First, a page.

Latin America & Caribbean

Cuban surrealist Wifredo Lam fetches record price

An undated handout photo shows Cuban Wifredo Lam's "Idolo (Oya/Divinite de l'Air et de la mort)"
Image caption Lam was heavily influenced by surrealism and santeria

A painting by Cuban surrealist artist Wifredo Lam fetched a record personal price at a Latin American art sale at auctioneers Sotheby's in New York.

An unnamed South American collector paid $4.5m (£2.9m) for Lam's 1944 Idol (Oya/Divinite de l'Air et de la mort), well above the $2m-3m guide price.

Demand was also high for Venezuelan artists, such as Armando Reveron.

But Diego Rivera's 1939 painting Girl in Blue and White, considered the main attraction, remained unsold.

The work by the Mexican artist had been expected to sell at a price between $4m and $6m.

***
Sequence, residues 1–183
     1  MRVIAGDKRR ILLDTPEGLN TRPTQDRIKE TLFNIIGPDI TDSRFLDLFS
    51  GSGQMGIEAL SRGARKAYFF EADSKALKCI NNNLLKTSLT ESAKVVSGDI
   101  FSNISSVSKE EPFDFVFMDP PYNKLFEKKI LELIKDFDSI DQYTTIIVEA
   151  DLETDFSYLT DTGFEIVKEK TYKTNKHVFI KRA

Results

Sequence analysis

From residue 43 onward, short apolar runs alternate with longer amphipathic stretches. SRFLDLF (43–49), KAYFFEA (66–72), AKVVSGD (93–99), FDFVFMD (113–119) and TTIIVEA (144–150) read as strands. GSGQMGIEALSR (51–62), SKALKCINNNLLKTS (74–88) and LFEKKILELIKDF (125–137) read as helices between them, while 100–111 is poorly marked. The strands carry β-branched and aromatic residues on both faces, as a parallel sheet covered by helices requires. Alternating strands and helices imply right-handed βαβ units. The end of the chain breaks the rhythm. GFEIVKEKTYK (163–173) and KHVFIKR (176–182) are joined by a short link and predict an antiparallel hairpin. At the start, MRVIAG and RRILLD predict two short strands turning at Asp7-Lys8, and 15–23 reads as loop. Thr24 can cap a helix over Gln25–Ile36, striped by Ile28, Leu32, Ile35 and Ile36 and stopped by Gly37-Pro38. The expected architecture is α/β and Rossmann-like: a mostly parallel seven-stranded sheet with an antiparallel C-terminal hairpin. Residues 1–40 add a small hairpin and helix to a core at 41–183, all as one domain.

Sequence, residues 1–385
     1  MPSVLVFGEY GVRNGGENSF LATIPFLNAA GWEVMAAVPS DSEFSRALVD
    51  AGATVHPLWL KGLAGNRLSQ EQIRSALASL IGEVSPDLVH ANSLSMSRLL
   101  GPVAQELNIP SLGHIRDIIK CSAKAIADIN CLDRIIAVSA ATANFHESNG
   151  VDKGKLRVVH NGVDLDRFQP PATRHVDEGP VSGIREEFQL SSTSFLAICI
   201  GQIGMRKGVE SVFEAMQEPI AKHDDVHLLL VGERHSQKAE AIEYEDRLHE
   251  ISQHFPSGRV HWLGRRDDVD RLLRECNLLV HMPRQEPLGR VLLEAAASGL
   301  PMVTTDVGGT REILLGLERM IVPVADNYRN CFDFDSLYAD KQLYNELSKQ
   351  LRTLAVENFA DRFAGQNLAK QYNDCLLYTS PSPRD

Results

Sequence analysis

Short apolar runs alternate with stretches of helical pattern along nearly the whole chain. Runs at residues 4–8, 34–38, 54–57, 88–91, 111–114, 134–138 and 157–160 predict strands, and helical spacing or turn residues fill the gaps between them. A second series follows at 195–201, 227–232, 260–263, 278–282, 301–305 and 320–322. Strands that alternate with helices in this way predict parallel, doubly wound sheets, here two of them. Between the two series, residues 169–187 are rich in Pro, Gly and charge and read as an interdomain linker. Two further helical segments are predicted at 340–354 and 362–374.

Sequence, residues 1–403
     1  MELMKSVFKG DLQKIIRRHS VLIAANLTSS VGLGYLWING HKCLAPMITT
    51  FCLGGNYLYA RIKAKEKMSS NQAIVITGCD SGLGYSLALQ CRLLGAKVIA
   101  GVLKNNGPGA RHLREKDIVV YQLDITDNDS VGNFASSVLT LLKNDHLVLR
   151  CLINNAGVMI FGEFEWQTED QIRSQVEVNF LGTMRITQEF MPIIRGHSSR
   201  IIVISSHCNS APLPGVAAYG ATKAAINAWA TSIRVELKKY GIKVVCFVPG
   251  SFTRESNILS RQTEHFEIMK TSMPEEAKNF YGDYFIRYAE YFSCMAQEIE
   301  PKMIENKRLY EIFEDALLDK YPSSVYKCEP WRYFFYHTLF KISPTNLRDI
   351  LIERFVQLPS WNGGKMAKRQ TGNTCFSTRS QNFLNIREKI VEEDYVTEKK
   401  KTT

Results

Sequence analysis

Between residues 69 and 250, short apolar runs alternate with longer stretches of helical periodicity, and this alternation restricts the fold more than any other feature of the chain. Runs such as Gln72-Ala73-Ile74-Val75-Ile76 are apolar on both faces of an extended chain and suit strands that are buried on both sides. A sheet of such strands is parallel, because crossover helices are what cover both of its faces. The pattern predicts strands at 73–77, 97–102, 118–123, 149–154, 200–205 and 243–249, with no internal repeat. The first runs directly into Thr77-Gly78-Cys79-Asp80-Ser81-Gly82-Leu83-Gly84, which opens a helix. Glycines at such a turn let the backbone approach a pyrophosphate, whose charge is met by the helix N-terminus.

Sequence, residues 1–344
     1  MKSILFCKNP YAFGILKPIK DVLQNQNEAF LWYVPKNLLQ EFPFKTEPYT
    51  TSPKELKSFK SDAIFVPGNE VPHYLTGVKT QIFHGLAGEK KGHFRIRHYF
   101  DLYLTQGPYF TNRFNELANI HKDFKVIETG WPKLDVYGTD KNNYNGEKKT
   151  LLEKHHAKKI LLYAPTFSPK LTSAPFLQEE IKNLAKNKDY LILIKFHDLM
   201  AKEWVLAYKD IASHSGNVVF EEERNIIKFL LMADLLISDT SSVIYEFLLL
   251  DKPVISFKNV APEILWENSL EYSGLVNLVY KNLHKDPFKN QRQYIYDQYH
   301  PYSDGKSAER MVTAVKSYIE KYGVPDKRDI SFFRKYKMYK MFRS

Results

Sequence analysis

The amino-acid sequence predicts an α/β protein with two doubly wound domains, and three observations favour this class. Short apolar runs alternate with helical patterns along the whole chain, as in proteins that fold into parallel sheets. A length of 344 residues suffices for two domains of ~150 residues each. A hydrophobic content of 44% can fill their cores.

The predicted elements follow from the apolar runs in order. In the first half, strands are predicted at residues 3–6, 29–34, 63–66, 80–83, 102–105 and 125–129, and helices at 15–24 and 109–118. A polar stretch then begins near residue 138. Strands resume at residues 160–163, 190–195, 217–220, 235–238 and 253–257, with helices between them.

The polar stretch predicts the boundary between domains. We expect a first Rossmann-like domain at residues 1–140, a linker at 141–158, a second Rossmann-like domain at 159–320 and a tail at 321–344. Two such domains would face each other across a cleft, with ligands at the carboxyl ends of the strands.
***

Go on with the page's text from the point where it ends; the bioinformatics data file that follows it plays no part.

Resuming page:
In contrast, Lam's piece, which had been in private hands since 1947, sold for more than double the previous top price for his paintings.

Lam, who died in 1982, was of mixed race heritage. His father was Chinese and his mother was of African, European and indigenous Cuban descent.

He was heavily influenced both by surrealism and by santeria, an Afro-Caribbean religion based on Yoruba and Roman Catholic beliefs.

Wednesday's auction, with sales totalling $21.8m, was Sotheby's best result for an evening sale of Latin American art to date.

It follows a similar sale at Christie's, another auction house, on Tuesday that set 33 individual records for artists from the region, with total sales of $27.7m.

Correction: 28 May Clarifying reference to Lam's ethnic heritage